I am a member of several mailing lists which discuss topics related to my field, as well as other topics which happen to interest me. One of these lists is a discussion group concerning employment issues as it relates to job seekers who are blind or who are visually impaired. Someone on the list started a thread which led into a discussion of the prejudices which we face from well-meaning, sighted recruiters and how we can best handle such problems in a positive way. I posted a true story to the list and decided to repost it to this blog, for those who might find it of some interest or value.
A long time ago, in an unnamed galaxy far, far away, a local outfit was looking for a computer instructor. I walked in, handed them my resume and asked to speak to someone about the position. The interviewer, who I’ll call Joan, came out to meet me and we talked about the position and what they were looking for. Her demeanor was professional but I was sensing a kind of distance from her and I knew she was wondering how on earth this blind guy was going to use, let alone teach other people how to use a computer but she wouldn’t ask and I knew I had to address it.
Had I not done this, the interview would have ended professionally by her thanking me for my time and her showing me to the door.
So, I took a breath and said, “Well, you’re probably wondering how a blind man is able to use a computer and do this job.”
“Yes,” she admitted, a bit awkwardly.
Well, I come prepared for these things and I asked, “May I show you?”
Well, I guess Joan figured she had nothing to lose and she must have had extra time and so she said, “Yes.”
I asked her to take me to one of her computers. She did so. I pulled out my trusty thumb drive from my pocket, inserted it into the USB port, fired up my portable copy of the NVDA screen reader and had her PC talking in less than a minute. Of course, I was explaining all of this to her as I was doing it so she would at least have a clue as to what I was doing.
For those not familiar with this type of software, NVDA, or Nonvisual Desktop Access, is known as a screen reader, a program which allows a visually impaired computer user to hear what information is on the screen. In addition, these programs offer a variety of ways to allow a person to review as well as to jump to a particular section of the screen with keyboard commands. NVDA can be run directly from a USB flash drive, without the need to first install it onto a PC’s hard drive.
Once NVDA was up and running, I opened Word, did a bit of simple editing and then went on Google and performed a simple Web search.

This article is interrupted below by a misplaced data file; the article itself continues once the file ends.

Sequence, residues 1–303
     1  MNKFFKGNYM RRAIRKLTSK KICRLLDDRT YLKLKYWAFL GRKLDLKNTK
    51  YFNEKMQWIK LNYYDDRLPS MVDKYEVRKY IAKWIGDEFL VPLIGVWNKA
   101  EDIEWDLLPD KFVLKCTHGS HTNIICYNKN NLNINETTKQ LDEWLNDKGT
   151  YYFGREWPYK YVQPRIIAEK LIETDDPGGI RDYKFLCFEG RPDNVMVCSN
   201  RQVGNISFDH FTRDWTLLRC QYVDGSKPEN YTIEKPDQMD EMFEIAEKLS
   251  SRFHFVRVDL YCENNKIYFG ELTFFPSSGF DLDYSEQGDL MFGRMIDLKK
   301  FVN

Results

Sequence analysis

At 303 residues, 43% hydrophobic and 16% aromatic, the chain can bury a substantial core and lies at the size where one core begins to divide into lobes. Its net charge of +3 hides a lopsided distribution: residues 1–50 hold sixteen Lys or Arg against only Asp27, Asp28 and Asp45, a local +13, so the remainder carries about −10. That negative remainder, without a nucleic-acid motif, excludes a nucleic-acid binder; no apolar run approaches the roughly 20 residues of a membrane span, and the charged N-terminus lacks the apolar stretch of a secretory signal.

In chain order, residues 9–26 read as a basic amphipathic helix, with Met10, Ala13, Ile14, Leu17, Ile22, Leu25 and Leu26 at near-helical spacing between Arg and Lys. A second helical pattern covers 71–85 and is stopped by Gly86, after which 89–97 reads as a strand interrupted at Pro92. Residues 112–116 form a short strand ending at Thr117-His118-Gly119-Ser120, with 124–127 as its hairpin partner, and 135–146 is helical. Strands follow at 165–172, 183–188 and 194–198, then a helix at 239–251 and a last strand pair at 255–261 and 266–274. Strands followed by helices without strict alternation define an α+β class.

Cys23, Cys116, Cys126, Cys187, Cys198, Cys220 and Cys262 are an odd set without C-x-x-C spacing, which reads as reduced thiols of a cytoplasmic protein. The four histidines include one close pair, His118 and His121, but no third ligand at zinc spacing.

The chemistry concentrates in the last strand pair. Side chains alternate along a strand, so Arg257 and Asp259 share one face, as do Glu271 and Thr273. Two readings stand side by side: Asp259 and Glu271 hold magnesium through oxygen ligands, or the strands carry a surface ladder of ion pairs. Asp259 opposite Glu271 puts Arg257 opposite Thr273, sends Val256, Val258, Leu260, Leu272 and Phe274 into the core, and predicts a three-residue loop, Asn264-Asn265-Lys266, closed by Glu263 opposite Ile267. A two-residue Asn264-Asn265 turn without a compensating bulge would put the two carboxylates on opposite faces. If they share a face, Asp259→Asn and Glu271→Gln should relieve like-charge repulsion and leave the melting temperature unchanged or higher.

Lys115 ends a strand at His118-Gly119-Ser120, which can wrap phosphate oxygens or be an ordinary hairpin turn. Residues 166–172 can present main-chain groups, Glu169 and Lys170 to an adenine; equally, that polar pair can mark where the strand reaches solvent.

It is no exaggeration to say that, from that moment, her demeanor totally changed. She went from being professional and businesslike to being extremely friendly and much warmer. I was expecting her to thank me for showing her how I use a computer and assumed the interview was over. Instead, she asked, “Would you like to see our classroom?” Let me tell you I was floored and, trying not to show too much surprise, said, “Yes.” She took me to the classroom, introduced me to the instructor and tried to find the CEO so that I could meet her but the CEO was out to lunch.
Sadly, I never heard from Joan and so I didn’t get a second interview or an offer of employment. My theory, and I’ll never know if I’m right, is that I’d have been working there had it been up to Joan but she may have been convinced by her CEO or someone else that I wouldn’t be as good of a fit as she might have hoped. Again, I’ll never know. The truth is that a more qualified applicant may have walked in the door the next day who was more deserving of the position. It’s really OK. However, the point is that I think the interview was as memorable for Joan as it was for me, perhaps more so. Also, Joan now knows the capabilities of people with disabilities and will perhaps receive the next blind applicant with the warmth and receptivity that he or she deserves and will begin the interview by evaluating them on his or her skills.
Also, it pays to know your screen reader. Learn to use it confidently and, when possible, have it with you in case you need to demonstrate how it works. I can tell you it can make a difference.